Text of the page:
Rollins optimistic Phils can make a run

Jimmy Rollins during the Reds game at Citizens Bank Park in Philadelphia, Friday, May 17, 2013. (Steven M. Falk/Staff Photographer)

Jimmy Rollins and his wife, Johari, could have been extras in "The Great Gatsby." Or, better yet, they could have pushed aside Leo and Co. and took the starring roles.

The Rollins' smilled for the cameras before the beginning of "Harlem Nights," an event of music, dancing and dinner that benefitted the Jimmy Rollins Family Foundation on Thursday night at Union Transfer. 

Rollins was in a good mood. A self-proclaimed "foodie," Rollins was ready to dig in. 

"We go hard and heavy on the food," Rollins said.

Eventually the conversation got to baseball. And the way Rollins made it sound, the first 12 weeks of the season has been more appetizer, less main course.

Rollins believes there's still plenty of time to dig in and enjoy the baseball ahead, too. Although the Phillies sit in third place, eight games behind Atlanta and one game behind Washington, they still have 16 of their 19 scheduled games with the Braves remaining.

"So," Rollins said, "we have a chance to make a dent on their lead."

Here's a bit more from Rollins.

Q: Five weeks ago you feared the front office might "blow it up" if you guys didn't turn it around. You're feeling better now?

Rollins: "We’re in a much better place, really, since we left San Francisco. We had a team talk, we went on some runs, then we stumbled back, went on another run, got above .500, went on the road, it didn’t work out too well. Obviously we would have liked to have swept the Nationals, but winning the series is still a good option.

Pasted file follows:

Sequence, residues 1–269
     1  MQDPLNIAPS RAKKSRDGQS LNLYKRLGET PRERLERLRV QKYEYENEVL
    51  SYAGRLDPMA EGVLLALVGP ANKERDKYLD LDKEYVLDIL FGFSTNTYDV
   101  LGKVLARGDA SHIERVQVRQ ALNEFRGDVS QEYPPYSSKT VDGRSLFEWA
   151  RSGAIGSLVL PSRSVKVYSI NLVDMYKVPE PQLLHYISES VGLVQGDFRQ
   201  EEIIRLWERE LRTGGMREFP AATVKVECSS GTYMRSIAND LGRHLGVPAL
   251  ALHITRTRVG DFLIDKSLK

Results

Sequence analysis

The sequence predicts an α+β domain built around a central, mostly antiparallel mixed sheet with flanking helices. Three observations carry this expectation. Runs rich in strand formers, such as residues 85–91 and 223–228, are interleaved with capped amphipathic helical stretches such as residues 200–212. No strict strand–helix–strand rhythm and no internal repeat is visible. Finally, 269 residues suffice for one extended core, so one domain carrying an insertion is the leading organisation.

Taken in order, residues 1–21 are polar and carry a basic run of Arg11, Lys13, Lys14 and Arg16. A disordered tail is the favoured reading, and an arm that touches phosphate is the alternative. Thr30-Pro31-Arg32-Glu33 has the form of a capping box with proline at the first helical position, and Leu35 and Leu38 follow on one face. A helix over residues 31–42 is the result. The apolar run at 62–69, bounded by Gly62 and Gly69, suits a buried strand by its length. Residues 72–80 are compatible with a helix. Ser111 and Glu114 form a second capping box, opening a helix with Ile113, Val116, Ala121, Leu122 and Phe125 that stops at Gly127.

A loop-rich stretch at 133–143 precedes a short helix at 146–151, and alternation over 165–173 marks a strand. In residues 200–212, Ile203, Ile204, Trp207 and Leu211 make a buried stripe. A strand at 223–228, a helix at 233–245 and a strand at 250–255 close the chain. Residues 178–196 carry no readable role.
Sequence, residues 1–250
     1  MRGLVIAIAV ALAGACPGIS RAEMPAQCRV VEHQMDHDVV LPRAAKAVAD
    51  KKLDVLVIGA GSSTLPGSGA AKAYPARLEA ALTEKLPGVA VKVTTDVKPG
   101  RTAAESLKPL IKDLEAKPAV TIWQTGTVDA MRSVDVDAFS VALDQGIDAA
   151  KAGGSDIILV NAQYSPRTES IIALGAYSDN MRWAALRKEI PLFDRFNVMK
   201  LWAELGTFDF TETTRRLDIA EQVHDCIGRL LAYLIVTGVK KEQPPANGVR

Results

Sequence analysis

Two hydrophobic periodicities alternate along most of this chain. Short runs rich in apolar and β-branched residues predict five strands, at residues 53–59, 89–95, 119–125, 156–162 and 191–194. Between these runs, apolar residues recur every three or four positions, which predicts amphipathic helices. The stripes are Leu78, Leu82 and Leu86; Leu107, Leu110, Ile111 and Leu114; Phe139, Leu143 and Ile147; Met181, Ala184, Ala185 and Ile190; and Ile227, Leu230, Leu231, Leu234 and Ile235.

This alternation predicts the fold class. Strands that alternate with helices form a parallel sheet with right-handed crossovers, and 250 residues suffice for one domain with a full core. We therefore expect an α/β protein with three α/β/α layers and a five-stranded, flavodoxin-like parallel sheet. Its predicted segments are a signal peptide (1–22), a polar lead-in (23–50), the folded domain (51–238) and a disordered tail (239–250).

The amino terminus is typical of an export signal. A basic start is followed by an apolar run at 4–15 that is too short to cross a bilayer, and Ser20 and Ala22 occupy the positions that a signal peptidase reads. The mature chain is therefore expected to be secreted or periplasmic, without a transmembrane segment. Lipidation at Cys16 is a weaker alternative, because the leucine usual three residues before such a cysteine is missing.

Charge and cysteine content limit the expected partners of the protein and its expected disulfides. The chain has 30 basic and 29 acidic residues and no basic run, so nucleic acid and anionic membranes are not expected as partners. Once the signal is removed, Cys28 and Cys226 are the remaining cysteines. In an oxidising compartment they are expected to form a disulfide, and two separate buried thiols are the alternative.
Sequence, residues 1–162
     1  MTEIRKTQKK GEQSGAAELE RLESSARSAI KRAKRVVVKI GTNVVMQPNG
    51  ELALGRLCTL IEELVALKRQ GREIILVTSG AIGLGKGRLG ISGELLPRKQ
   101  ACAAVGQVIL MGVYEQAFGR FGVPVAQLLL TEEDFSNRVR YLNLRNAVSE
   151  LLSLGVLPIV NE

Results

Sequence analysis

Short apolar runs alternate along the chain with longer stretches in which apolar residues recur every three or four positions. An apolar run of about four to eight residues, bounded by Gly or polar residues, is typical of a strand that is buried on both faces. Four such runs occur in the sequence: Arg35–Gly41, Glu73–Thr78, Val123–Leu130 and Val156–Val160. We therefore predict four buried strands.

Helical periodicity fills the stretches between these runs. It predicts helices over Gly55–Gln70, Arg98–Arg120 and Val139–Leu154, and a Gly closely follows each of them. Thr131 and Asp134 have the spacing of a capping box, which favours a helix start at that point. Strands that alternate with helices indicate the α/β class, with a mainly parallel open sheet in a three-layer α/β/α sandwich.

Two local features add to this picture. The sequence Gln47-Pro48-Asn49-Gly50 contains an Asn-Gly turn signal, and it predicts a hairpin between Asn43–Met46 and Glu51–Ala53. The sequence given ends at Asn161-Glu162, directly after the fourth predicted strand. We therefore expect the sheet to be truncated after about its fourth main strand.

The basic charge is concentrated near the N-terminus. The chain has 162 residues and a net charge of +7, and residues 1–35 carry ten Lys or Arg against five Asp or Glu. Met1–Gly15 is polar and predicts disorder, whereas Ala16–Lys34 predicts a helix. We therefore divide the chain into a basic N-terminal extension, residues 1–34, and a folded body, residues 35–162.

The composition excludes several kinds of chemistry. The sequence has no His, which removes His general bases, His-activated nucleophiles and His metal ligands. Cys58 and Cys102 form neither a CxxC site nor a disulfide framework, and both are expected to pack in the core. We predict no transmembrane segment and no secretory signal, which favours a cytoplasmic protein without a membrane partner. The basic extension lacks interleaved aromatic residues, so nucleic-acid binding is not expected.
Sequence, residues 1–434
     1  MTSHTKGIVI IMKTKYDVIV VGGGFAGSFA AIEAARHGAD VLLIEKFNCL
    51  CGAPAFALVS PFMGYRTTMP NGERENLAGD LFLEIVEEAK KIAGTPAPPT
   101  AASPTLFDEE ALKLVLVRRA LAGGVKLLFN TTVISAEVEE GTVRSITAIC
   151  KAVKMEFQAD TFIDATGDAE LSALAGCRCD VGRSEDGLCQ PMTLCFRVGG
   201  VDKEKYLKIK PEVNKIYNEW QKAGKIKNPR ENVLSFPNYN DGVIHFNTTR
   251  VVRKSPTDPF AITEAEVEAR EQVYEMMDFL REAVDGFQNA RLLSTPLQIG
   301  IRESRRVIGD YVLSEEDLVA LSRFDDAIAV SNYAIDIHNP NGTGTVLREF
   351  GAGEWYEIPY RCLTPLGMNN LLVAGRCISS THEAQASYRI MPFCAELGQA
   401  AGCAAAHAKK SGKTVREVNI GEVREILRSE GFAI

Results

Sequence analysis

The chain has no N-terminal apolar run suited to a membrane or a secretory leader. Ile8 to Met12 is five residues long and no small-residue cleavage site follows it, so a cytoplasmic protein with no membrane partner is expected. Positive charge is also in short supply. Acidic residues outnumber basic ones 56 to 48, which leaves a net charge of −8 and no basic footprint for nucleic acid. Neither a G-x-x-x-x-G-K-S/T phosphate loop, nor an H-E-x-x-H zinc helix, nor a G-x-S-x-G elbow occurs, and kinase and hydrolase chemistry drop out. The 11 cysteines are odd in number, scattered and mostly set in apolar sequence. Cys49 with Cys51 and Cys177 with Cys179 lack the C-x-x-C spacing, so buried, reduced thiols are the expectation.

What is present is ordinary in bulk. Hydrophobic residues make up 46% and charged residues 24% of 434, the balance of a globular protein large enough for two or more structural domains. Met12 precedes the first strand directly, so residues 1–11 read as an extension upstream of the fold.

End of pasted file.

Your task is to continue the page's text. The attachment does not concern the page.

"No one is running away with this division right now. And that’s always a silver lining. If that wasn’t the case, then things would be different. But we’ve still get to play Atlanta a whole bunch more, so we have a chance to make a dent on their lead."


Q: The trade deadline is only a month away, though...

Rollins: "You know what? Tomorrow is long in baseball. Speaking about what’s going to happen in a month, you never know. If somebody - if Atlanta wins 15 in a row and we lose 15 in a row, there are going to be changes. But I don’t see that happening. And if that doesn’t happen, then we’ll probably be more willing to buy, to try to bring in a new arm, a new bat, a little fresh energy, something of that sort. It’ll all work itself out. A month from now? You don’t even know what’s going to happen tomorrow."


Q: Some other guys have sound concerned in the last two weeks, Cliff Lee, Cole Hamels, Jonathan Papelbon. But you're upbeat, huh?

Rollins: "That’s always my nature. And I’ve never really been wrong. So that’s the good thing."



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